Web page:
Saturday, February 25, 2012

A Look Into History: U.S. Presidential Election of 1920

With the end of World War I and Wilson's 2nd term coming to a close, Democrats nominated Governor James M. Cox of Ohio.
Democrats chose distant cousin to Teddy Roosevelt, and future president Franklin Delano Roosevelt as Cox's running mate.
Republicans nominated Senator Warren G. Harding as their nominee. Which pitted two men from the state against each other. 
 3rd party support was pretty slim this election. The most notable was the Socialist Party's Eugene V. Debs who campaigned from prison. He was sentenced for being against the war draft.
While Harding ignored Cox for most of the campaign, he was trying more to campaign against Woodrow Wilson's polices than his opponent. He called for "A return to normalcy" and was extremely critical of World War I and the Treaty of Versailles. Wilson's failed promises to please Irish-Americans backfired against his party and many instead supported Harding.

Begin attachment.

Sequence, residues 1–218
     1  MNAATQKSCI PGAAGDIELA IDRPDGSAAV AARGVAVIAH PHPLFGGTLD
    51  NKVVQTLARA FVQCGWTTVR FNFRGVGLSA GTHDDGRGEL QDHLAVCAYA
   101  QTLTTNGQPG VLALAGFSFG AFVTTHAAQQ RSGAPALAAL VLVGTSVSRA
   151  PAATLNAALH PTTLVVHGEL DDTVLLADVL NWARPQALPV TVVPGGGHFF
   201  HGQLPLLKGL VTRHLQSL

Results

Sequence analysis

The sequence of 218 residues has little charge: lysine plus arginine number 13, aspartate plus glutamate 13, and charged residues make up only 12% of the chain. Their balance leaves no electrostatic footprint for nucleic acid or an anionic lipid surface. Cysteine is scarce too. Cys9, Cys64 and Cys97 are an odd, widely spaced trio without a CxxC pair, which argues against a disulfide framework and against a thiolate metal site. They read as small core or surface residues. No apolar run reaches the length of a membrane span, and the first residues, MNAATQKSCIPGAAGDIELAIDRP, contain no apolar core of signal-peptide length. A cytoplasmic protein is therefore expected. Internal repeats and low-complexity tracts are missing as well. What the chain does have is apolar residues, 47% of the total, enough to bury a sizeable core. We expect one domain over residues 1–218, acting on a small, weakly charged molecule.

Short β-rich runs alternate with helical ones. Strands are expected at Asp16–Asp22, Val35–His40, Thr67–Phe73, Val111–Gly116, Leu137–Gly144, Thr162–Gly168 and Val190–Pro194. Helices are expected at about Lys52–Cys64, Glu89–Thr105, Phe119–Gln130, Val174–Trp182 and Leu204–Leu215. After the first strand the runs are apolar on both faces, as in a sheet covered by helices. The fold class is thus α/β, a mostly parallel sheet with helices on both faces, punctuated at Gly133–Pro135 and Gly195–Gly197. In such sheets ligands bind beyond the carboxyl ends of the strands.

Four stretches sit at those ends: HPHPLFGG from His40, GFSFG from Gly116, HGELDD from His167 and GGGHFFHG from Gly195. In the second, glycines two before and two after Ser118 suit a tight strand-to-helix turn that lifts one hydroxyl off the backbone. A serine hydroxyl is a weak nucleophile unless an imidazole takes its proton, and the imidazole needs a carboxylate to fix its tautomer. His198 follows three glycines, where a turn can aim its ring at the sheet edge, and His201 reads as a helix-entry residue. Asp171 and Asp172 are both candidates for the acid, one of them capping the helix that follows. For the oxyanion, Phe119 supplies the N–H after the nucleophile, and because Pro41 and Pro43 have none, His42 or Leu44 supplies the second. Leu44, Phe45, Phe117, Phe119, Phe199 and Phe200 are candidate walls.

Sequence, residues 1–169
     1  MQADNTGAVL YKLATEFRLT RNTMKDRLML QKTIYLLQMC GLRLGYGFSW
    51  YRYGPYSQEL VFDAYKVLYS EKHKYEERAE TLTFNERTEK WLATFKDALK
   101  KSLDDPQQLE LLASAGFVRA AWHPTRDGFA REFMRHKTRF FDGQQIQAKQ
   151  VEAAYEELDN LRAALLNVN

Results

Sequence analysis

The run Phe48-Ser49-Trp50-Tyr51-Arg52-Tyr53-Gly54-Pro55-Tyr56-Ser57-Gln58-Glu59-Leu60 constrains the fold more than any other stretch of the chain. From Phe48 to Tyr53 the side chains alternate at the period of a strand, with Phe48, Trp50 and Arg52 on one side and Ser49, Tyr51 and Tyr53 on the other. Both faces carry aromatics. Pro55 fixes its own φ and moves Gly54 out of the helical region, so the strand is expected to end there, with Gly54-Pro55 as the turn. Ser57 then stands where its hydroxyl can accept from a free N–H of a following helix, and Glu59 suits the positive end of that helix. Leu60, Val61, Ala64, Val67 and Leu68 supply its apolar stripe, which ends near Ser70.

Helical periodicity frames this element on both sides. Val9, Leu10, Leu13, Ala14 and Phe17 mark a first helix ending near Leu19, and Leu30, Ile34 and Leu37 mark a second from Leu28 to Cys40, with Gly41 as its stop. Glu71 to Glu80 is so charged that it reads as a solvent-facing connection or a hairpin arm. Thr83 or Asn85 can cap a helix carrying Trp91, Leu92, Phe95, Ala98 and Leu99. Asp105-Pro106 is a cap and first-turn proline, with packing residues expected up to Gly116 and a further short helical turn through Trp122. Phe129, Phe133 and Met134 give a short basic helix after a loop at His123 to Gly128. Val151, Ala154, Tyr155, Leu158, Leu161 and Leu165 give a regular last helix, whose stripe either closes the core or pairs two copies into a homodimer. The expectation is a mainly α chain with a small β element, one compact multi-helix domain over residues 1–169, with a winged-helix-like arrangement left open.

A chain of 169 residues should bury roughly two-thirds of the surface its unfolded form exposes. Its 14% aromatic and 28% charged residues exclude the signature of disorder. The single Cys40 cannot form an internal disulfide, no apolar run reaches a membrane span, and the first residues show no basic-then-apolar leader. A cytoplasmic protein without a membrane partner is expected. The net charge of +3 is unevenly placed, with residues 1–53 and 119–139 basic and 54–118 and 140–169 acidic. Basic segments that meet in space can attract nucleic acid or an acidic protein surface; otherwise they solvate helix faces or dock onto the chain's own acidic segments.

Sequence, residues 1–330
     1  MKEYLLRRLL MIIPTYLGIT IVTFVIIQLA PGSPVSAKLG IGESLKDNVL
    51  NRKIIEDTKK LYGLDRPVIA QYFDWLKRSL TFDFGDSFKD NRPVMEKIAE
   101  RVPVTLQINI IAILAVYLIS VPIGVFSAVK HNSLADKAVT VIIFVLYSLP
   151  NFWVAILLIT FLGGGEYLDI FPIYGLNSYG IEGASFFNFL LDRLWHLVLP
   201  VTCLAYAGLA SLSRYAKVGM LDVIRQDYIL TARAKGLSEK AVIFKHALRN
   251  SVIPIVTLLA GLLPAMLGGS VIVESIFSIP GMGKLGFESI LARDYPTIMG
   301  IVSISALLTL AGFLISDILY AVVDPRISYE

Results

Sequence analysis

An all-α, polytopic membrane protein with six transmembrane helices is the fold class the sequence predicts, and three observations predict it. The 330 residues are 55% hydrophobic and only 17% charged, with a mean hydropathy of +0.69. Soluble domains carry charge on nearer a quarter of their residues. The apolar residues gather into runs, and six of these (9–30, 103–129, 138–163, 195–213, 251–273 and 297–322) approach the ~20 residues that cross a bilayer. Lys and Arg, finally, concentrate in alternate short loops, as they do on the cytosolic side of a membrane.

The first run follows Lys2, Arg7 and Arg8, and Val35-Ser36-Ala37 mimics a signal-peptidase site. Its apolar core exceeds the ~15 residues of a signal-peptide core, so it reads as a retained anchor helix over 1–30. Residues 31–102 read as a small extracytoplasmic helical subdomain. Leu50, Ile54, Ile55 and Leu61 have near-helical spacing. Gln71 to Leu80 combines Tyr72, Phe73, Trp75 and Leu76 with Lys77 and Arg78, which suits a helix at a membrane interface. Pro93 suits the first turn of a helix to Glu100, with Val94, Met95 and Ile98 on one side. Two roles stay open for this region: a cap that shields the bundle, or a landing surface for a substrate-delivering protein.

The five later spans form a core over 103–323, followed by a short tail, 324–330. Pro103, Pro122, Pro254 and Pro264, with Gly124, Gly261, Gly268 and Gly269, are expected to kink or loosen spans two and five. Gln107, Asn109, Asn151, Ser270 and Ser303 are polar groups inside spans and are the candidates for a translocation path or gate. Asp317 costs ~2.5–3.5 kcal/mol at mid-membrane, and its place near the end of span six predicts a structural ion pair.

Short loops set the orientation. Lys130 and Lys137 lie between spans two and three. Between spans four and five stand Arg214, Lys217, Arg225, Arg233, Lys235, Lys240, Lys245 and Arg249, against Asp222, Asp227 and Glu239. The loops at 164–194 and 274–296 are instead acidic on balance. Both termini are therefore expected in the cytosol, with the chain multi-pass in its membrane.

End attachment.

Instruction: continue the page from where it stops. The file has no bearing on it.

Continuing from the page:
America's unpopular opinion over Wilson' foreign policy seemed to be the easiest way to victory for Harding. He managed to get 37 states versus Cox's 11 (all southern) states. Harding got 404 electoral votes versus Cox's 127.

3 comments:

  1. Normalcy is highly overrated, imho! Nice history nugget, thanks. And thanks for stopping in at my blog!

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